Labor turns its back on Indigenous Australians in remote communities
"Labor remains locked in the past, continuing to push old ATSIC policies under which housing funds were distributed on the basis of the colour of people’s skin, rather than need," Minister for Families, Community Services and Indigenous Affairs, Mal Brough, said today.
"Jenny Macklin’s response to my proposal to redirect Indigenous housing funds from major urban centres to remote communities shows that Labor is prepared to give up on the issue of overcrowding in remote areas.
"Only a small proportion of Indigenous Australians rely on Indigenous-specific housing in urban areas.
"The overwhelming majority of Indigenous Australians in cities live in state public housing, private rental properties or either own or a buying their own home. Sure we need to work hard to make the mainstream work better, but redirecting the Indigenous specific housing programs would have little impact on urban Indigenous Australians. It would however make a huge difference to remote areas where there are no alternative housing options.
"The fact is that Indigenous people in cities have access to housing through a variety of sources. This is not the case in remote areas and my proposal would see all the Australian Government’s Indigenous specific housing funding directed to the area of most need – people living in remote Indigenous communities.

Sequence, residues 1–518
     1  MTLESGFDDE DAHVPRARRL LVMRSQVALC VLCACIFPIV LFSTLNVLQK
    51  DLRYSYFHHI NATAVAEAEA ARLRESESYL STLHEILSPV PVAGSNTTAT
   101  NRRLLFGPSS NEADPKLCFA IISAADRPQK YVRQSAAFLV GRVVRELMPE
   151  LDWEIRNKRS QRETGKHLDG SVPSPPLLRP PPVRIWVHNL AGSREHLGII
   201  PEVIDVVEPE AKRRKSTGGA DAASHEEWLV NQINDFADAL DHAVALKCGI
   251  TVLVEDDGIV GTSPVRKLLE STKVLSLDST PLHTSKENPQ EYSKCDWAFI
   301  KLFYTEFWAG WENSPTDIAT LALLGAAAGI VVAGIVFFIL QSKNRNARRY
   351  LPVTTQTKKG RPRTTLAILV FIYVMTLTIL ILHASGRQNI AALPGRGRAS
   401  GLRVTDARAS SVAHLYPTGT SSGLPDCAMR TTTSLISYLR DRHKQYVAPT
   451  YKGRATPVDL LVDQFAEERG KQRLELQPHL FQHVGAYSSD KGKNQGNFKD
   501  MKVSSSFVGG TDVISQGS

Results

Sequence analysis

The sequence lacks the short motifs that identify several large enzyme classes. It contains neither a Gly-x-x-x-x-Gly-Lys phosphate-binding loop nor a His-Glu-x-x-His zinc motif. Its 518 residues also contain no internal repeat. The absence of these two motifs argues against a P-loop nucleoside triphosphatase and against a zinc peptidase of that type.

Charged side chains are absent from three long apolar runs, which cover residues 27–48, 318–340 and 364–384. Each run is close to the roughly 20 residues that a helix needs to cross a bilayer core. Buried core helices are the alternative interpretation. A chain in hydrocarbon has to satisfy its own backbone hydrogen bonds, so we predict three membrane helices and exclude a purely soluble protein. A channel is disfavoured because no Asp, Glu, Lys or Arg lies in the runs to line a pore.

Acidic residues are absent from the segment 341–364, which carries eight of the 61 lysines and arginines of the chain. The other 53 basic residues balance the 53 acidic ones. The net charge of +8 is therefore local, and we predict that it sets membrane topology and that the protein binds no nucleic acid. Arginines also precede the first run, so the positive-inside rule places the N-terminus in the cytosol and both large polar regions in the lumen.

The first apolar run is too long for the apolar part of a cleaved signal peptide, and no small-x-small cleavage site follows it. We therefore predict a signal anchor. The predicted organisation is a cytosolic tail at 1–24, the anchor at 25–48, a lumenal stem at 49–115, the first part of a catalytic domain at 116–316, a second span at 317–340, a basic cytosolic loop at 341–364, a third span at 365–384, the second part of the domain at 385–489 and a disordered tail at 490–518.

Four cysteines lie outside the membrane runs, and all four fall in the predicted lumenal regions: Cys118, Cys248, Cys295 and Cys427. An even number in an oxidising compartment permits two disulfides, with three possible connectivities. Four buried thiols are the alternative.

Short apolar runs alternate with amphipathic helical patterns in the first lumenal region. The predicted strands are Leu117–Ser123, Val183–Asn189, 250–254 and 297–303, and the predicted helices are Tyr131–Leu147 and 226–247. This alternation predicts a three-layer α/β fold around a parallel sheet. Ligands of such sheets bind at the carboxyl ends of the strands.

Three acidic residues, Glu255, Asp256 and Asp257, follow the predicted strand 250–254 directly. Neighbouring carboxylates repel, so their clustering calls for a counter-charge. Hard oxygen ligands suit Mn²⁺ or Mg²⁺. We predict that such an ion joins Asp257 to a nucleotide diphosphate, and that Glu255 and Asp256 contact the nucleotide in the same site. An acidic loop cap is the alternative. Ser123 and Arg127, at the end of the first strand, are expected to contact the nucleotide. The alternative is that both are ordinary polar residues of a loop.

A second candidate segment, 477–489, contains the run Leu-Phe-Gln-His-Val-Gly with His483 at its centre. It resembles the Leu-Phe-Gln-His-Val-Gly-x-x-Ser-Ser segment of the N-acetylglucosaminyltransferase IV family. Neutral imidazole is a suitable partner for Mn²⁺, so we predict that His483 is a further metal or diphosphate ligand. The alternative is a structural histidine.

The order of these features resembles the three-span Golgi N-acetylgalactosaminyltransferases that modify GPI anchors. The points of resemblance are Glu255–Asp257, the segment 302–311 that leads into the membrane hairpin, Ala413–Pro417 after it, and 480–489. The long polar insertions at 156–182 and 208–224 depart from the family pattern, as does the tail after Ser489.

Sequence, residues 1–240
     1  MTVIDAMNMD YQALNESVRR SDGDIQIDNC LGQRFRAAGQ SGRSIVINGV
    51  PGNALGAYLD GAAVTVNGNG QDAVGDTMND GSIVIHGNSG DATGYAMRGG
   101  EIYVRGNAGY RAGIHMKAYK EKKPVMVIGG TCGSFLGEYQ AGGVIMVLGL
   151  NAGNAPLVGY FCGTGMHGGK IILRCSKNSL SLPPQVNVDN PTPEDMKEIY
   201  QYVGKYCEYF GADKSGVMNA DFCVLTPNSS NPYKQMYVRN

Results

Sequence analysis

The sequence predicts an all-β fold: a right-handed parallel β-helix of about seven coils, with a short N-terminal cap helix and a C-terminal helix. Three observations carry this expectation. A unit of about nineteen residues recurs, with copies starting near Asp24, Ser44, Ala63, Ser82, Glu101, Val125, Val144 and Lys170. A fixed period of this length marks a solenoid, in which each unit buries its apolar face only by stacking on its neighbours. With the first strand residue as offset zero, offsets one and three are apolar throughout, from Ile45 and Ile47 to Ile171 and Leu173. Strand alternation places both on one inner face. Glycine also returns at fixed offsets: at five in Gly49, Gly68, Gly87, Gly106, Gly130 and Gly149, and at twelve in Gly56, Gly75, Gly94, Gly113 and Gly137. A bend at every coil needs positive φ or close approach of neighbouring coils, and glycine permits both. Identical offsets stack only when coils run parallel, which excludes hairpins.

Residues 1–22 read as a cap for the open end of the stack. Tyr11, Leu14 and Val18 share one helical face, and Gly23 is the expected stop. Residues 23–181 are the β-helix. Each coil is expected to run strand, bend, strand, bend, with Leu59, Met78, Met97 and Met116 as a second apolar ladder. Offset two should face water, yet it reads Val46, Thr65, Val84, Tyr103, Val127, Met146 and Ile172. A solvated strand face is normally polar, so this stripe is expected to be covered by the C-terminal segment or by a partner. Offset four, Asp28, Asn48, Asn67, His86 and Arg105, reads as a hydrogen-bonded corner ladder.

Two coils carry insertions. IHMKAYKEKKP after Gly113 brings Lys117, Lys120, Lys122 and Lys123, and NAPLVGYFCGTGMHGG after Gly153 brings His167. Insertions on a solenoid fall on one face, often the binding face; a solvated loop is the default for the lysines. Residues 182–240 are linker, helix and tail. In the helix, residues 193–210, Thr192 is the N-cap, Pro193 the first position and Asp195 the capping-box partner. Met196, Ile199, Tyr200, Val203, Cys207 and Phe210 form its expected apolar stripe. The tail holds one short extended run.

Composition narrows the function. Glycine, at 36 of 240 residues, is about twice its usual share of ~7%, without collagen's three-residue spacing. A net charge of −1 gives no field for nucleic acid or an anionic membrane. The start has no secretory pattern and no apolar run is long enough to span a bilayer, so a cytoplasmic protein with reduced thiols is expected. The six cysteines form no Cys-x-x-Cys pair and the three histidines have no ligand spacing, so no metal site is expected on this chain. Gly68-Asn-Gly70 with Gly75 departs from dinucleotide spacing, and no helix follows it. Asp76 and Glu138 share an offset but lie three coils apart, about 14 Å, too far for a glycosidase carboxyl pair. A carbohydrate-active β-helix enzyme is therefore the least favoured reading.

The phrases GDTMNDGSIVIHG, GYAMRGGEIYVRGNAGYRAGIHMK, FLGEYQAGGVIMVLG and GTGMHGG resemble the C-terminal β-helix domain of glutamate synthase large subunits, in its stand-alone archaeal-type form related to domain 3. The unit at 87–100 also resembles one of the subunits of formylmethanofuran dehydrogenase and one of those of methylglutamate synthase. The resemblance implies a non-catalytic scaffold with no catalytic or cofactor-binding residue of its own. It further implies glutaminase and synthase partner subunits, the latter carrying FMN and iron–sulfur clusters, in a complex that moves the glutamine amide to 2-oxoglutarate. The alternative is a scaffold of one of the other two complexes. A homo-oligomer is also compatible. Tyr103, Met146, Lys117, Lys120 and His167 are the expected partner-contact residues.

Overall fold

"At present, only 40 per cent of the $240 million spent on new indigenous housing and maintenance is directed to remote communities. This imbalance needs to be addressed if we are serious about tackling housing issues in remote communities.
"There are more than 600 Indigenous Community Housing Organisations. Some work well, but the majority have major problems. A recent review found one, in a major city, provided housing to five current or former Board members and gave priority to people already in mainstream public housing. It also had more than $500,000 sitting in a bank account.
"Another major regional centre has seven separate organisations, two of which don’t even meet at all and in another six brand new houses were sitting vacant because of poor management within the organisation.
"Issues like overcrowding are chronic in many remote communities. A sensible, practical approach is to ensure that taxpayer’s dollars are directed to the area of greatest need.
"Labor and Ms Macklin are stuck in the past. They talk a lot of rhetoric, but don’t present solutions."